Institutional Real Estate, Inc.

NAREIM Dialogues: Spring 2017

The Institutional Real Estate Inc Sponsorship brochure, Connected-Investor Focused, We connect people, data and insights, sponsorship, events, IREI Products

Issue link:

Contents of this Issue


Page 3 of 35

NATIONAL ASSOCIATION OF REAL ESTATE INVESTMENT MANAGERS 2 ANIMAL T he phrase "Animal Spirits" is attributed to John Maynard Keynes, perhaps the most influential economist of the 20th Century. In his 1936 The General Theory of Employment, Interest and Money, Keynes posits that many of our decisions are driven by "animal spirits— a spontaneous urge to action rather than inaction, and not as the outcome of a weighted average of quantitative benefits multiplied by quantitative probabilities." 1 Referenced by writers as diverse as Thomas Hobbes, Jane Austen, and Arthur Conan Doyle, animal spirits as a driver of economic expansion is based on Keynes' usage. It describes both a basis for optimism through increased risk taking, as well as for concern from excess exuberance. Forty years after Keynes' magnum opus, scientists were attempting to explain the enormous gaps in the fossil record that seemed to contradict the continuous and gradual evolutionary change at the species level assumed by Charles Darwin. Stephen Jay Gould and Eldridge Niles suggested that biological change does not occur on a regular but on a mostly discontinuous manner with long periods of stasis punctuated by large change during shorter periods in geologic terms. They coined the phrase "punctuated equilibrium" to describe their theory, which has become very influential in evolutionary biology. 2 The theory reflects our common sense impression that during long periods of time little changes and then everything appears to change at once. Following the surprises of 2016—from Brexit to the US presidential election—the two metaphors of animal spirits and punctuated equilibrium provide a description of recent events. After initially falling after the November elections, the US equity markets have soared to a long series of new record levels. This climb has continued into 1Q and interest rates have increased, reflecting higher growth and inflation expectations. Heightened growth expectations did not follow from the disappointing 4Q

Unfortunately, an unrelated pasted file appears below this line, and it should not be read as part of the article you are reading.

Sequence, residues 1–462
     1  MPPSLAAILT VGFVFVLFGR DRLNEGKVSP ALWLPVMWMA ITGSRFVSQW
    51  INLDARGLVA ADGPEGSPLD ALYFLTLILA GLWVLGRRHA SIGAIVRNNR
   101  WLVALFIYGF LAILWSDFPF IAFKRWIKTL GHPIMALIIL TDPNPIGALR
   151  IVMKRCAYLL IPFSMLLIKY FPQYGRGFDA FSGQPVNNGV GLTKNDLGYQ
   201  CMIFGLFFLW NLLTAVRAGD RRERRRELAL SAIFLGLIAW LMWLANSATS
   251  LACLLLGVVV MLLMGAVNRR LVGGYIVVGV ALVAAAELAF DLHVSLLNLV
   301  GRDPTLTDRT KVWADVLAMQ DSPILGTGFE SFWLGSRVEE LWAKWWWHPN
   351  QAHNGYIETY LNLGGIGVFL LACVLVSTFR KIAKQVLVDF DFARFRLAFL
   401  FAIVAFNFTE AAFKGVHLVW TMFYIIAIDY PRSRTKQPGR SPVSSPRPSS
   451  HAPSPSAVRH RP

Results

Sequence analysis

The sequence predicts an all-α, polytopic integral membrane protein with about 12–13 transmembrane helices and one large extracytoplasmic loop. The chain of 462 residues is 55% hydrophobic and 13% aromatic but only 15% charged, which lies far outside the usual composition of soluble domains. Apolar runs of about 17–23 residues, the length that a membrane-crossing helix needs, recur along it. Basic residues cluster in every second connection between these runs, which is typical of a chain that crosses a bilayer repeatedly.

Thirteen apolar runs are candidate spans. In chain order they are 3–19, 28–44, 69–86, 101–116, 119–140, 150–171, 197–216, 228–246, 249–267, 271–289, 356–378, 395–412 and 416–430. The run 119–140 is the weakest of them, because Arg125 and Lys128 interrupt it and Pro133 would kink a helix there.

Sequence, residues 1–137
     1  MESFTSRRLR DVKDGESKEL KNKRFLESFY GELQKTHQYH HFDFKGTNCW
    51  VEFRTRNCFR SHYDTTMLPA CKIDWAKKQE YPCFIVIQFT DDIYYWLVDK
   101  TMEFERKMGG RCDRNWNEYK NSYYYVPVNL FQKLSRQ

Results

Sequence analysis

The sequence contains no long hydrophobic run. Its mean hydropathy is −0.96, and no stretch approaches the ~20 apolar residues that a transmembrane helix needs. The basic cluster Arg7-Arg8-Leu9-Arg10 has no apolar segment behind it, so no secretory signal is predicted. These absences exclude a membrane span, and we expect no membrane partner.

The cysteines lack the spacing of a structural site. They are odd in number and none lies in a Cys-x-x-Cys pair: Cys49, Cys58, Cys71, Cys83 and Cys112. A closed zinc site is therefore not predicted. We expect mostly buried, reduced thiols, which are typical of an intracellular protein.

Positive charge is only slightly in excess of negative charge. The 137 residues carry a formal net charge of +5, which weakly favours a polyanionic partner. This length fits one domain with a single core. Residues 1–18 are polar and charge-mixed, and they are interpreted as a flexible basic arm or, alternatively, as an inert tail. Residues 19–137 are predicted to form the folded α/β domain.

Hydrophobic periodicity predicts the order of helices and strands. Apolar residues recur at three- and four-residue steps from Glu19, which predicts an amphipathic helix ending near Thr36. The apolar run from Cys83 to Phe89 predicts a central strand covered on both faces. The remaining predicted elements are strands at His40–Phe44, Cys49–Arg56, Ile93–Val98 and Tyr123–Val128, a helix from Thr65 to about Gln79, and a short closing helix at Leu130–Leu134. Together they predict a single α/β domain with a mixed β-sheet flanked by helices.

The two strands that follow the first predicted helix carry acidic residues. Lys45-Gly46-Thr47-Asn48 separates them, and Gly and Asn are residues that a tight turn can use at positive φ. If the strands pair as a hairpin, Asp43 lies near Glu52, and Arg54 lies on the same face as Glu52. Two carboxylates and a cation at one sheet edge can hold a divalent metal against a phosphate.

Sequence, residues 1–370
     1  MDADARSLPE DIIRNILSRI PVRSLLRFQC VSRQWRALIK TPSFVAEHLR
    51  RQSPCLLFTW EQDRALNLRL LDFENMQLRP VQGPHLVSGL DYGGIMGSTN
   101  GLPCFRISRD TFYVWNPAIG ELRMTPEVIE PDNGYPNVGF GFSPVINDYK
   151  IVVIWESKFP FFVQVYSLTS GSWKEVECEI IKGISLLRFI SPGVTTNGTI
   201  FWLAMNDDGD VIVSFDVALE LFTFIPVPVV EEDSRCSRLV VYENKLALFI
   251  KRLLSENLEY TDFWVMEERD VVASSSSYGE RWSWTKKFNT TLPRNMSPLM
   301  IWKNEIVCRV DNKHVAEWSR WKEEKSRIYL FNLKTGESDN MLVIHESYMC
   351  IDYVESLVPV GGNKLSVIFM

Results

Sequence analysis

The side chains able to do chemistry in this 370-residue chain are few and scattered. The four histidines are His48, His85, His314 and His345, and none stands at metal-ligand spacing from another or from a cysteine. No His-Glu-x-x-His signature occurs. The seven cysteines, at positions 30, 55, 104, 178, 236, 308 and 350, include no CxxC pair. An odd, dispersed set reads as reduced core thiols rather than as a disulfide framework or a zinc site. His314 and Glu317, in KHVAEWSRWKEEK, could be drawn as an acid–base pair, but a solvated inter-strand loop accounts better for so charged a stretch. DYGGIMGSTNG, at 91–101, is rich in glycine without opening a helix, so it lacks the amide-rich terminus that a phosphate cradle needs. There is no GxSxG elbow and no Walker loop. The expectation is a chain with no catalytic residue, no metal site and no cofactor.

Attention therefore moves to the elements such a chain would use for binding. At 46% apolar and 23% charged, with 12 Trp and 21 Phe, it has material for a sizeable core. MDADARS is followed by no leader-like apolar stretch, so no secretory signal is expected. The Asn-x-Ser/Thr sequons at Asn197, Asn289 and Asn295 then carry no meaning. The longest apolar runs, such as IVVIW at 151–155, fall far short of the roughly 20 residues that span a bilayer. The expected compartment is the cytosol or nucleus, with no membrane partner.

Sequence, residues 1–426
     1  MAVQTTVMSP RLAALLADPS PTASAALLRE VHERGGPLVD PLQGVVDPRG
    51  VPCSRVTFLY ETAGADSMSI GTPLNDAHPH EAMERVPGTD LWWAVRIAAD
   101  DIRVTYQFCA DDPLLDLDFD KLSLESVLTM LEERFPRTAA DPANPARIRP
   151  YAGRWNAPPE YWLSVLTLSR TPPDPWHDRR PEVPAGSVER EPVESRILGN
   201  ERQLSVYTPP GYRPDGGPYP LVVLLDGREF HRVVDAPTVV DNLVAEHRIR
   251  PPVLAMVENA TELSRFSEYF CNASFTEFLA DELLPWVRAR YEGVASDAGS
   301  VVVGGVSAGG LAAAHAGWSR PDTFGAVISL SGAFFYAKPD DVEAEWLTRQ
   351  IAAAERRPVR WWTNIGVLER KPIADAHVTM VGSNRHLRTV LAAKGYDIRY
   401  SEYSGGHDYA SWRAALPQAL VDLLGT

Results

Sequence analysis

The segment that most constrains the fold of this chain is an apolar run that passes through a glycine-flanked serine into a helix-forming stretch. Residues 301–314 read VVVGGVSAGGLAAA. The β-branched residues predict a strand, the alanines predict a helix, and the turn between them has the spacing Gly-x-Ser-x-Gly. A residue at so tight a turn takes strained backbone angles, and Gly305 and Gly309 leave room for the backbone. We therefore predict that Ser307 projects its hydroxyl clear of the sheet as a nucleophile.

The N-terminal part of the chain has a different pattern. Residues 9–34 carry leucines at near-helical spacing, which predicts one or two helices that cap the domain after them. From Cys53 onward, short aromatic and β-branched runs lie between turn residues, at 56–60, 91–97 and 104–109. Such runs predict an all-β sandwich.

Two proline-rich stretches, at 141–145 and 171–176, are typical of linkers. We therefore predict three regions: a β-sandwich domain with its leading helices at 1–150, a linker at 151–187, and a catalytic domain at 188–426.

Articles in this issue

view archives of Institutional Real Estate, Inc. - NAREIM Dialogues: Spring 2017